Empathic concern could in turn be related to a greater inclination to express prosocial behaviors among those individuals most affected by the economic crisis. Indeed, the positive effect of empathic concern—measured as both a state and trait—on prosocial behavior has been widely accepted among several psychological experimental and non-experimental studies [38, 49–53]. For instance, empathic concern has been linked to higher levels of self-reported charitable giving . Recently, Klimecki, Mayer, Jusyte, Scheeff, and Schönenberg  showed higher levels of altruistic behavior and more than 40% of the increase in sharing behavior among participants who were induced to feel concern for one another’s welfare. Moreover, Weng, Fox, Hessenthaler, Stodola, and Davidson  posited that feelings of empathic concern toward those in need are associated with action to help those individuals. Additionally, Lim and DeSteno  found a robust link between empathic concern toward individuals’ suffering and the behavioral responses (i.e., charitable giving, helping a stranger) taken to assist them, especially noticeable in participants who had experienced past adversity.
Overall, the available findings provide indirect support for the contention that perceived economic threat linked to the crisis could be associated with greater empathic concern, which in turn would be positively connected to prosocial behavior.
The purpose of the first study was to empirically test the hypothesis: the higher the perceived personal impact of the economic crisis, the greater is the willingness to engage in prosocial behavior. Considering that prior research has shown gender, objective and subjective socioeconomic status, and political orientation to be related to other-oriented emotions and behaviors [27, 57–59], we included them as control variables in the analytical models. We also explored whether feeling impacted by a negative economic context affected prosocial behavior even after accounting for employment status. Lastly, the current study was also aimed at elucidating whether empathic concern may act as a mediating factor within the perceived impact-prosocial behavior relationship.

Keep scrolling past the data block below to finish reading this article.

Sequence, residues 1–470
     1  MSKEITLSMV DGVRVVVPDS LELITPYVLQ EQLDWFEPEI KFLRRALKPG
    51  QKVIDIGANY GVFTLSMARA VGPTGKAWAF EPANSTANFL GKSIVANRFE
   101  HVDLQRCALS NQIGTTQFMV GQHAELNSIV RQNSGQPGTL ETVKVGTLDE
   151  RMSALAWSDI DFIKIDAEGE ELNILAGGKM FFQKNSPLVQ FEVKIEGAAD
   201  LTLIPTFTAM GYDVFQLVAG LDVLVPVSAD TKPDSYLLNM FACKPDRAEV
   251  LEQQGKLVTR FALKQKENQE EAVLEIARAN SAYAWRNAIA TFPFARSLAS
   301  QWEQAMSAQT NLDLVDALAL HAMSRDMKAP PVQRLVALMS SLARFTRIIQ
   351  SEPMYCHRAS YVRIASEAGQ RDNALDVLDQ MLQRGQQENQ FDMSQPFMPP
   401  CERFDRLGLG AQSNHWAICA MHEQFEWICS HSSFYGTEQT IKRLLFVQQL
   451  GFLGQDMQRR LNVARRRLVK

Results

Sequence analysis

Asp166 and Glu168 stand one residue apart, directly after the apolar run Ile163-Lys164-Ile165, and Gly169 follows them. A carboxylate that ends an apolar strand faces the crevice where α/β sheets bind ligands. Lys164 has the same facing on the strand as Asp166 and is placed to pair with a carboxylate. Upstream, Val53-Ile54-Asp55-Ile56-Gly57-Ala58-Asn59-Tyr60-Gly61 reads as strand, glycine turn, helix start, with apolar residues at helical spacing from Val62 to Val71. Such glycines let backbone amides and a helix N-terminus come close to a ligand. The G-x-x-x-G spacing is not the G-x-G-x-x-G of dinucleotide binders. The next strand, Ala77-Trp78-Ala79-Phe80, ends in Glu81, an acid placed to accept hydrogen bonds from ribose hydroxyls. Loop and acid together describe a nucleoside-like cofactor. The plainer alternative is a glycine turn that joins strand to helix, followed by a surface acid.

The sample was composed of 306 participants (Mage = 28.38, SD = 10.83, range from 17 to 65), of which 59.1% were women and 40.9% were men (see more sociodemographic characteristics in Table 1). A sensitive power analysis was conducted using a MANCOVA special effects and interactions test  to determine our ability to detect the contribution of a between-subject MANOVA. Given our sample (N = 306, α = 0.05), sensitivity analysis suggests the need for a minimum effect size of f2 ≥ .02 to produce power at the 0.80 level.